Grace left the military in 2014 and set her sights on an NHS career. Although she initially struggled to be offered a role, since being given her initial chance, her NHS career has really taken off.
I enlisted in the British Army in September 2011 and a year later was assigned my first posting in Bielefeld, Germany. I provided financial and clerical support to soldiers of the Regiment in Afghanistan, Germany, Cyprus, Kenya and the United Kingdom.
In May 2014, I decided to leave the Armed Forces due to an ankle injury. I wanted to continue to help the public and use the skills I developed in a non-military organisation. Having imagined the NHS to be hierarchical and regimented like the military, I decided to seek employment there. I got a position within the NHS in July 2014. To obtain this role I went through almost 30 interviews in a short space of time and it was an exhausting experience. Although these interviews generally went well, I was overlooked for not having NHS experience despite having relevant qualifications and transferable skills. It left me wondering how I might ever get into the NHS if nobody was willing to give me a chance.
Fortunately, a manager in the radiology department at Royal Stoke University Hospital gave me the opportunity to prove myself with a zero-hour contract as an appointment scheduler. From there, I developed many skills and was eventually promoted to the trauma and orthopaedic department in August 2016. Thanks to the fantastic skills I developed in the NHS, combined with my military experience, I was able to successfully gain level one certification in hyper-acute specialised rehabilitation for patients with highly complex needs on the acute rehabilitation trauma unit, which has regional and national accreditation.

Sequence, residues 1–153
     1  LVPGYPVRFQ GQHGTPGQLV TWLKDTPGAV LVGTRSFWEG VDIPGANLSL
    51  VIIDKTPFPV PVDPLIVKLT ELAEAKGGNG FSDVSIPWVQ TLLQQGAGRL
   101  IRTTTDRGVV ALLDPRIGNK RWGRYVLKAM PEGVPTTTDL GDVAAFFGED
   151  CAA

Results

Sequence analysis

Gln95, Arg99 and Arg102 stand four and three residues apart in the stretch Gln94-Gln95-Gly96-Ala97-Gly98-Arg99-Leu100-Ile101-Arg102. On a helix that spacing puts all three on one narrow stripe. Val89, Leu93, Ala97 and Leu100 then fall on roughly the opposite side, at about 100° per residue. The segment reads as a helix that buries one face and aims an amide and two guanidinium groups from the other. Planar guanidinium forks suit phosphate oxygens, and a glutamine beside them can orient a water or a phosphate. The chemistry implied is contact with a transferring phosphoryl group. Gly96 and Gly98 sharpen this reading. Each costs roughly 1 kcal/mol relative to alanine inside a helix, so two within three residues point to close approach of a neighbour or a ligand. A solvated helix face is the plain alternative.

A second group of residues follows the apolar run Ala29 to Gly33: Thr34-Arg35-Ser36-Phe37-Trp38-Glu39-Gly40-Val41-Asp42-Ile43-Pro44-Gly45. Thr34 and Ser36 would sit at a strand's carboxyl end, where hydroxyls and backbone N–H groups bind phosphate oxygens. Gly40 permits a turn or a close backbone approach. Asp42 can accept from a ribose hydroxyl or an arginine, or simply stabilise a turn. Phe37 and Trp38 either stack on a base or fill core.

At present, I am a band five waiting list manager in the radiology department at Manchester University NHS Foundation Trust where, alongside my operational work, I manage a small team of administrative staff. The trust has provided funding for me to complete a management degree at the Manchester Metropolitan University to facilitate my NHS career progression. I aspire to be a band six senior manager either within the trauma and orthopaedics department or accident and emergency department, as I find these areas to be exciting and fast paced.
In my transition from military to civilian life, I was able to implement operational skills I had learnt from the Armed Forces into the NHS, such as making systems swift and easy to use. With the current COVID-19 pandemic, I have been able to apply military skills, such as being able to adapt to situations quickly, and I have supported my colleagues by maintaining their morale to help keep them going during these difficult times and I have ensured the working environment has remained safe.
The transition to civilian life was a rocky road and I believe that there is more that can be done for serving personnel and veterans. I hope to create a hub on our intranet for military personnel, offering guidance and support to those who need it.
Overall, the NHS has been fantastic in supporting my career progression. I would recommend the NHS to anyone leaving the military who wants to make a difference and help people. I am proud to work in the NHS and will continue to work in it for the foreseeable future. Individuals who have worked in the military are extremely disciplined and committed to their work and will always go above and beyond what they are asked to do. I believe these attributes are beneficial to the NHS, particularly in times of unprecedented events, such as we are facing at the moment.